God told Jeremiah that Israel would spend seventy years in captivity (25:11). That's a long time. Basically, if I "choose life" and exit the city (see previous post), allowing the Babylonians to take me into captivity, if I accept God's punishment for years and years of disobedience, that discipline will extend past my lifetime. I will die in Babylon. Not great news for me.
We like to think that those famous verses from Jeremiah 29:11 (I know the plans I have for you, plans to prosper you and not to harm you . . .) means that in a few days, a few months, maybe a few years--at least in our lifetime--things will work out great. Awesome.
But God has a really long view of life.
God's story began way before I was born, and it will continue after my death.
So, what are the people thinking as they begin to realize that the peace and prosperity God promised isn't really for them--it's for their grandchildren?
Here's what Jeremiah tells them--and I think the advice applies to us too when we are stuck in a not entirely desirable situation, whether it's part of God's discipline or not.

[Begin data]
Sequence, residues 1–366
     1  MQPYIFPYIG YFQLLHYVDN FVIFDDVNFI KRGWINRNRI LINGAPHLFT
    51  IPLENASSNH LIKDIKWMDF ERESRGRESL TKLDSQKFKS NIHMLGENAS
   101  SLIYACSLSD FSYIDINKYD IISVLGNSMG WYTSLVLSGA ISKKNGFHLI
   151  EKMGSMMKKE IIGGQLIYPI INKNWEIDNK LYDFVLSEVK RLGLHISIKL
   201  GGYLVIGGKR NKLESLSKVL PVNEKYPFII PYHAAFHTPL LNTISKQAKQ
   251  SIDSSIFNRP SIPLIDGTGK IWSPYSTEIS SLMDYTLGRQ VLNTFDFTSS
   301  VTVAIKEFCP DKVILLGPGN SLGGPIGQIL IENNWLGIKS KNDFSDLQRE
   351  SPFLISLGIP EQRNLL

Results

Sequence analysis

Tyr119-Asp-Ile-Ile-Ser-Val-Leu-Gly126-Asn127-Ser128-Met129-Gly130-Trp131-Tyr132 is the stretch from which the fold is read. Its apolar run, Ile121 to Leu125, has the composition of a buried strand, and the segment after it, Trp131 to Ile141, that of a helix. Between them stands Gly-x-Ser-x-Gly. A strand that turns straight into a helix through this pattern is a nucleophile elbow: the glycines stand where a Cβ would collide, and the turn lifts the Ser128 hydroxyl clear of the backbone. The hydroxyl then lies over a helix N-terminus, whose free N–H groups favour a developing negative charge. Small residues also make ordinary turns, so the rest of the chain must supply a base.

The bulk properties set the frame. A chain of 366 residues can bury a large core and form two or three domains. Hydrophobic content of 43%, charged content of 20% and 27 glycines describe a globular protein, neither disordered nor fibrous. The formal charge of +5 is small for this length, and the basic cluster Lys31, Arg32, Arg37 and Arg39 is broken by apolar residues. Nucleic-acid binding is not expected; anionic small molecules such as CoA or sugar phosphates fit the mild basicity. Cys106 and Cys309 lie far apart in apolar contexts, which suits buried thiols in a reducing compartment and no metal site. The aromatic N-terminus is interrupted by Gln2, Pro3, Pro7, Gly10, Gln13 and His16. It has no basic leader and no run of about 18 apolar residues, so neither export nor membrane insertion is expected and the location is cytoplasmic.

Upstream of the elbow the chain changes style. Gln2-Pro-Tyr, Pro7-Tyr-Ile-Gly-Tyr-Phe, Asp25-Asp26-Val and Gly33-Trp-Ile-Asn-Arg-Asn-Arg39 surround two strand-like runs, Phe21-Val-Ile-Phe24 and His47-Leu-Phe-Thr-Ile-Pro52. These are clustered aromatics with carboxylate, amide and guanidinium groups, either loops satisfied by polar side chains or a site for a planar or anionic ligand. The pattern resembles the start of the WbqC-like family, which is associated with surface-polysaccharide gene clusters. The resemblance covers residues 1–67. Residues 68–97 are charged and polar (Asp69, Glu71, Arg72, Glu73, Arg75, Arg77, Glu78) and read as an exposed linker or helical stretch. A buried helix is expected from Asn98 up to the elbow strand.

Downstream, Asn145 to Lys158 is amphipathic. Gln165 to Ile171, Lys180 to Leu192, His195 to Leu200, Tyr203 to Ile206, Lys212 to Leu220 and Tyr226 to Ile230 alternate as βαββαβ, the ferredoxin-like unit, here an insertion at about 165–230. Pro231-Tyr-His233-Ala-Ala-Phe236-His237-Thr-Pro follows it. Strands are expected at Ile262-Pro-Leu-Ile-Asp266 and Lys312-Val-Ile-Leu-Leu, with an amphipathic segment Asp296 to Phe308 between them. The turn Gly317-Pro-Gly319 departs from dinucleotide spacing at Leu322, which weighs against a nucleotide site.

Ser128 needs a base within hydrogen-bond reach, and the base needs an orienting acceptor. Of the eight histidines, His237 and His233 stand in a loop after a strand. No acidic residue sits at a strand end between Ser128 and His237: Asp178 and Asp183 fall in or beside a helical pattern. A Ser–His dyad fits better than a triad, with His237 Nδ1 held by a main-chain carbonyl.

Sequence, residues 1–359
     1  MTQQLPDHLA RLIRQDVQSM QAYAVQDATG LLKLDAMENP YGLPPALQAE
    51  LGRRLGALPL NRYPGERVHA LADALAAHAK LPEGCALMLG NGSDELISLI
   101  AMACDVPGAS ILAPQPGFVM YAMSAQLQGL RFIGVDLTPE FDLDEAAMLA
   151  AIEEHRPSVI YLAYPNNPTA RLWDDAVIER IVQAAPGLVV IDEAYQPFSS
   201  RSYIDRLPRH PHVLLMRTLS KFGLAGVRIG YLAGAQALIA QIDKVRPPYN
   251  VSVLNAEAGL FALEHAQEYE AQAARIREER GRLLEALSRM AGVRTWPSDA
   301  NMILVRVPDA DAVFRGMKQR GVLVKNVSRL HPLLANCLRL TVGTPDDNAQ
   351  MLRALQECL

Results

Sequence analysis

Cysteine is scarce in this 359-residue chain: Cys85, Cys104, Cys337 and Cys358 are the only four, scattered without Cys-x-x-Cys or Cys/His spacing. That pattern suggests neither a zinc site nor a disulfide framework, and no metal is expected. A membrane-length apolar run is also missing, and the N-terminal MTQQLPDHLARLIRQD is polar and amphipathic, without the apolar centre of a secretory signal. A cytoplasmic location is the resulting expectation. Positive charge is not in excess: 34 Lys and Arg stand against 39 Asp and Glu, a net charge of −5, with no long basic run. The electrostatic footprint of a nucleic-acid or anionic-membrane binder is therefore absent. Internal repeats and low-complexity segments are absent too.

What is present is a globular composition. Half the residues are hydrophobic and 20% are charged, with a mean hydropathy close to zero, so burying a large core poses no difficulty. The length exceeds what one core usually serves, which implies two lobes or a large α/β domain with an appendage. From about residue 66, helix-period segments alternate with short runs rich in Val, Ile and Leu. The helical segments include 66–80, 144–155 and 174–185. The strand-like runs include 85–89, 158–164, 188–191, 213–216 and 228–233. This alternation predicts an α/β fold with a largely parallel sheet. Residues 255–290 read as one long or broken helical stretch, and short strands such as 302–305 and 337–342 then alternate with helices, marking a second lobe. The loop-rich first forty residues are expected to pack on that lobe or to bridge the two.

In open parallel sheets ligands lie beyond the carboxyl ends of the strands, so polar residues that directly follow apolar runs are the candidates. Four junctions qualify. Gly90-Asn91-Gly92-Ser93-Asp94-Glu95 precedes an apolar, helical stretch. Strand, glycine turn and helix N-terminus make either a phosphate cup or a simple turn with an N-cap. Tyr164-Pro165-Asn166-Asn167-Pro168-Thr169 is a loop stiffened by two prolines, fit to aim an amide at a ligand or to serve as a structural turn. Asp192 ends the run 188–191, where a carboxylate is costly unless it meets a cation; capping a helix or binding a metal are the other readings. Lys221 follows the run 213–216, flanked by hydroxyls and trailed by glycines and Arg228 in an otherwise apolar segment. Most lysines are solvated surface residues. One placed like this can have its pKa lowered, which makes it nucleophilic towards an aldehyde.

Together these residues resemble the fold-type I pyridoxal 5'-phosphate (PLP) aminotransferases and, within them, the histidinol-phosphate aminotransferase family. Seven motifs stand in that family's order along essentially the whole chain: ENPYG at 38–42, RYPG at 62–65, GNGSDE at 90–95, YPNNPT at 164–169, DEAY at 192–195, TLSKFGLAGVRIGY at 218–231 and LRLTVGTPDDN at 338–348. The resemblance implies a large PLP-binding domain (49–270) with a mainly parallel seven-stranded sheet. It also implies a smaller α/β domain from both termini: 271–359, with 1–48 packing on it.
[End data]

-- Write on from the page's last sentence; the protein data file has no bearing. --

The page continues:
First, keep doing what you are doing. Build houses and settle down. Have children. Plant gardens. Serve God now. Make plans to serve him tomorrow. In everything you do.
Seek peace and prosperity for the people around you. The boss you don't love. Your neighbors. Your country.
Remember God's perspective. All of this is for God's story. He will turn this around, and there is a blessing. There is a "hope and a future," even it doesn't look like it. Even if you don't see it personally.
And then, my favorite promise of this passage: You will seek me and you will find me when you seek me with all your heart. I will be found by you and will bring you back from captivity.
When I seek God, he frees my heart; I may live in captivity, because of illness, because of circumstances I had nothing to do with, or because I am living the consequences of bad choices, but when God frees my heart, I am no longer a slave.
"If the Son has set you free, you are free indeed." (John 8:36)